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Tuesday, September 23, 2014
- When 12 Colombian soldiers were killed by FARC insurgents a stone’s throw away from the northern border with Venezuela, the consequences included military cooperation that reinforces the political, diplomatic and trade-related links that have developed over the past two years between Colombian President Juan Manuel Santos and Venezuelan President Hugo Chávez.
Santos said that after the attack on Monday he spoke to Chávez, who immediately “ordered the deployment of two brigades to the border zone, with instructions to try to locate” the Revolutionary Armed Forces of Colombia (FARC) column that attacked a Colombian army unit.
“If they manage to find them, they will capture them. If they resist, they will open fire. They will shoot them down,” Santos said.
He said Chávez told him over the phone, “Our position is the same as it has been since you and I restored dialogue (in August 2010, when Santos took office as president) and we began our cooperation: we will not tolerate incursions by any illegal armed force, whatever its nature, into Venezuelan territory.”
The left-wing Venezuelan president said on television that his government would not allow “irregular groups, whatever side they are on, to use Venezuela as a camping site, a training ground, or a base to attack forces of other countries, in this case Colombia.
“We cannot allow ourselves to be mixed up in a conflict that is not our own,” Chávez said.The attack took place at dawn on Monday May 21, in Colombian territory but very close to Guana, a Venezuelan village of 300 people located 200 metres from the border in the northern peninsula of La Guajira.
A Venezuelan army contingent was in position there by sunset.
The people of Guana, still frightened by the intense gunfire and explosions, spent several nights away from their homes, staying in nearby villages, the local press reported.
“Santos has persuaded Chávez to start pursuing the guerrillas. Now Chávez will ask Santos to pursue the criminal gangs (based in Colombia) smuggling gasoline, trafficking drugs and engaging in extortion rackets” in Venezuela, said Ariel Ávila, head of the Armed Conflict Observatory of the Bogotá think tank Corporación Nuevo Arco Iris (CNAI).
In Ávila’s view, Chávez’s decision is “a setback” for the FARC, because “the guerrillas need a rearguard territory to retreat to.” He said “cooperation between the armed forces of the two countries will mean the FARC will be hit hard,” as well as the other Colombian left-wing insurgent group, the smaller National Liberation Army (ELN).
Colombian Defence Minister Juan Carlos Pinzón said the FARC unit responsible for the attack “has probably been based in Venezuela for a considerable time.”
General Sergio Mantilla, the Colombian army chief, said the FARC rebels “presumably came from Venezuela and fled back there” after the attack.
Mantilla said he had personally verified that the body of one of the dead soldiers was in Colombian territory, barely 150 metres from the boundary between the Colombian department (province) of La Guajira and the Venezuelan state of Zulia.
These statements have not been denied by the Venezuelan authorities.
Venezuelan opposition leaders like presidential candidate Henrique Capriles and Zulia state Governor Pablo Pérez have said it has long been known that Colombian irregulars operate all along the border.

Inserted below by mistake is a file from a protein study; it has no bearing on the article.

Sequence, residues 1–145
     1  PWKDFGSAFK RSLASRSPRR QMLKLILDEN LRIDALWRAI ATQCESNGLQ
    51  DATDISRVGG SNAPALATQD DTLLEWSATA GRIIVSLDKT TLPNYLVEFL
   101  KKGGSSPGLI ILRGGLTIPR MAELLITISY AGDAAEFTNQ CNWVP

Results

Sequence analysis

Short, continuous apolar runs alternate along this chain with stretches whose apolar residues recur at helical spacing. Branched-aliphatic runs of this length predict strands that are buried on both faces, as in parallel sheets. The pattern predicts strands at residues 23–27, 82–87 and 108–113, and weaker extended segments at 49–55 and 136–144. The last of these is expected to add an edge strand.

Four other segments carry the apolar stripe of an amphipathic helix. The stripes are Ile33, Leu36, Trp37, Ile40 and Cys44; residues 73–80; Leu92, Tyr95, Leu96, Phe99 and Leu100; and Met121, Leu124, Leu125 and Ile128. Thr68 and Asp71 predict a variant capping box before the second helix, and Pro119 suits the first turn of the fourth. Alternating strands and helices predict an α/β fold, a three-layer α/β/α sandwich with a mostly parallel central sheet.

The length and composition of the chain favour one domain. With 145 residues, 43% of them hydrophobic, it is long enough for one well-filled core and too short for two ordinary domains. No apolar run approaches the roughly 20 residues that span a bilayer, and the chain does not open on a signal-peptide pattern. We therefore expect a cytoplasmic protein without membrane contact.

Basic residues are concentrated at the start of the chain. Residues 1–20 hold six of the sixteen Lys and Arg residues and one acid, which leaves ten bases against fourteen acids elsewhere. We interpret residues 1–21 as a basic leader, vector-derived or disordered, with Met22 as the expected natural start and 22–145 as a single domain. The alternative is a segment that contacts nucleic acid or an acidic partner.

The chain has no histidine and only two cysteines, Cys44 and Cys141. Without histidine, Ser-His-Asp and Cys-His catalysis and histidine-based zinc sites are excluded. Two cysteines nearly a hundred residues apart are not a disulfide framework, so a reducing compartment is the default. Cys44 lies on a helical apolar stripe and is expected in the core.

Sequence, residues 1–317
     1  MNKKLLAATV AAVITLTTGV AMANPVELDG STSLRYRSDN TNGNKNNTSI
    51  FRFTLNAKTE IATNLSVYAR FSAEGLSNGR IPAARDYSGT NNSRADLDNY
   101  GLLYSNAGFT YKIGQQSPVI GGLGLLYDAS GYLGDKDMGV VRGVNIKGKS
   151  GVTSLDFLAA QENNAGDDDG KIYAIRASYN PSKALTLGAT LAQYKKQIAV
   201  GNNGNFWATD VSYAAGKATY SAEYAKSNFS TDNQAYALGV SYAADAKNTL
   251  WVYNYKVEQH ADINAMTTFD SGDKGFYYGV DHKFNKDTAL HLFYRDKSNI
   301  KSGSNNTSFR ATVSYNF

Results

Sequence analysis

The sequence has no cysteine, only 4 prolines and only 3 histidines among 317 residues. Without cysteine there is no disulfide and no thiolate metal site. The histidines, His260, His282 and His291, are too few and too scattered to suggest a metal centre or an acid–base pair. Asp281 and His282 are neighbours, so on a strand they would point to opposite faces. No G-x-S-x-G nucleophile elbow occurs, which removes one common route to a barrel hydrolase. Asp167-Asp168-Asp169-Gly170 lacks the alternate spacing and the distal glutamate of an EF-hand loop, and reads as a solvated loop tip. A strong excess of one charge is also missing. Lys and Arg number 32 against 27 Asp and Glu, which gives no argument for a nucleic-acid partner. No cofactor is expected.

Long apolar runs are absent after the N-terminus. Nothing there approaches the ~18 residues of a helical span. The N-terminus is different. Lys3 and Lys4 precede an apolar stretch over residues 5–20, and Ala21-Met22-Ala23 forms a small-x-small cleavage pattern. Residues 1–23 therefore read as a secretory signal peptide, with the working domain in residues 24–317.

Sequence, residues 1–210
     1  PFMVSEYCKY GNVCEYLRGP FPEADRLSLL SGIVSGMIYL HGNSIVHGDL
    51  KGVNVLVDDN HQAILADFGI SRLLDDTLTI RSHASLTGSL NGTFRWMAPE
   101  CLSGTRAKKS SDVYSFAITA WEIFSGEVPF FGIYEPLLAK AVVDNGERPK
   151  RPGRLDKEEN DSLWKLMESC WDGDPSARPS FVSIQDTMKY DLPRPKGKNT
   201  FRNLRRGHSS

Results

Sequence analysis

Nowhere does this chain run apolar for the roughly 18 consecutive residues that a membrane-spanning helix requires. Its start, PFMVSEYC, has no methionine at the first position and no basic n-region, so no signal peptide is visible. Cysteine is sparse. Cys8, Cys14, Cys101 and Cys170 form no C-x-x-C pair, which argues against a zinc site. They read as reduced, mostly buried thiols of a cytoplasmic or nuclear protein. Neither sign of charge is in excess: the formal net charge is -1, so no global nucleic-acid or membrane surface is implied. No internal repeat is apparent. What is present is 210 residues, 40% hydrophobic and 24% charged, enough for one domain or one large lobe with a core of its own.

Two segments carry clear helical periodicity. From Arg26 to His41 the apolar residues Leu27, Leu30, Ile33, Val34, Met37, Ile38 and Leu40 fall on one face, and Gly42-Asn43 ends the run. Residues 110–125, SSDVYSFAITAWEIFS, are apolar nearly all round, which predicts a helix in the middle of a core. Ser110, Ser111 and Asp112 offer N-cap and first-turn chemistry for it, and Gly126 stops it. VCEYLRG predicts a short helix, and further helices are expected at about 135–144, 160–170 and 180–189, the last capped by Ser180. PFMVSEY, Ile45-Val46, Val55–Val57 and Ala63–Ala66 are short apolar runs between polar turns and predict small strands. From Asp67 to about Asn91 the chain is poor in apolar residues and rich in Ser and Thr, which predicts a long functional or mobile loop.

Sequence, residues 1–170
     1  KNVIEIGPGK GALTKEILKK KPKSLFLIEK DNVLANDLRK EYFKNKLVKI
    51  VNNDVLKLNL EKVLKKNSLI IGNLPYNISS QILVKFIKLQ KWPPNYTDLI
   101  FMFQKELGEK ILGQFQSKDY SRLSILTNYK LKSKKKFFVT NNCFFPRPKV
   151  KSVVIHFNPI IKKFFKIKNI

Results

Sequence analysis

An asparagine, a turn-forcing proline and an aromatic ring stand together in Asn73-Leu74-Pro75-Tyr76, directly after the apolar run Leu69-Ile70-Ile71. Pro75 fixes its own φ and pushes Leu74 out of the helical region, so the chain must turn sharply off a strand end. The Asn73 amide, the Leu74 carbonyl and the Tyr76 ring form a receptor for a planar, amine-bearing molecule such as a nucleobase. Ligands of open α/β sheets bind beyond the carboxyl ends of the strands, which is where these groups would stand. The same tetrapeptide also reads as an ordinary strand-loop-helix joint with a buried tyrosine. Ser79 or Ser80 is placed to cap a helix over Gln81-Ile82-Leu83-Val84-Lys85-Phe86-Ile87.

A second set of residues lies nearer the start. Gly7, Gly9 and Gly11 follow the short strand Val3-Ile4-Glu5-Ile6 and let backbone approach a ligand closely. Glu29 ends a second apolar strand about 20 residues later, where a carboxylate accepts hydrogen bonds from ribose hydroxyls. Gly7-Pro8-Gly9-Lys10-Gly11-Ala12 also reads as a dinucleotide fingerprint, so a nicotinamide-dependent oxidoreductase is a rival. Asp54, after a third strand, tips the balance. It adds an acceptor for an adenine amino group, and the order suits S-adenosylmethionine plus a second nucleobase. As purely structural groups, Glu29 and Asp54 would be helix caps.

“Why is the Venezuelan army not fulfilling its primary function of guarding the border?” asked Pérez, while Capriles maintained that “the places where the FARC operates in our border states are known, and the government is complicit in this situation.”
In the past few years, IPS correspondents visiting Venezuelan border areas to report on problems facing indigenous communities, shopkeepers or Colombian refugees have gathered testimonies about the presence of guerrillas or far-right paramilitaries from Colombia.
Rocío San Miguel, head of Citizen’s Control for Security, Defence and the Armed Forces, a Venezuelan NGO, told IPS that earlier cooperation mechanisms “have not worked because they did not give rise to clear and effective instructions that could be followed by middle-ranking officers of military units.
“This is apparent from the (Venezuelan) response arising from a telephone conversation between the presidents,” San Miguel said.
However, “the Venezuelan military deployment on the border is not credible,” she argued.
“The Venezuelan defence minister, General Henry Rangel, has talked of mobilising up to 140,000 troops, when the strength of the country’s entire armed forces is 124,000,” she said.
“The only way to address the problem in a consistent fashion is through effective cooperation between units led by middle-ranking officers, with permanent patrolling, and cooperation on intelligence and communications with the Colombian side, instead of sporadic actions,” said San Miguel.
The military cooperation against the guerrillas comes on top of agreements between Chávez and Santos on trade, which have paved the way for Venezuela’s pending debt to Colombian exporters to be paid, as well as reciprocal arrangements for handing over people wanted for drug trafficking and insurgency.
Colombia and Venezuela have also entered into a diplomatic understanding, in particular to buttress the Union of South American Nations (UNASUR), which brings together the 12 countries of the region.
Their amicable relationship apparently continues to flourish, in spite of the ideological differences between the two presidents which led to confrontation in the past.
When the conservative Santos was defence minister in the government of former right-wing president Álvaro Uribe (2002-2010), Chávez described the Colombian guerrilla groups as “political forces with a Bolivarian ideology” and said they deserved the status of legitimate belligerents because they “control territory” in Colombia. (END)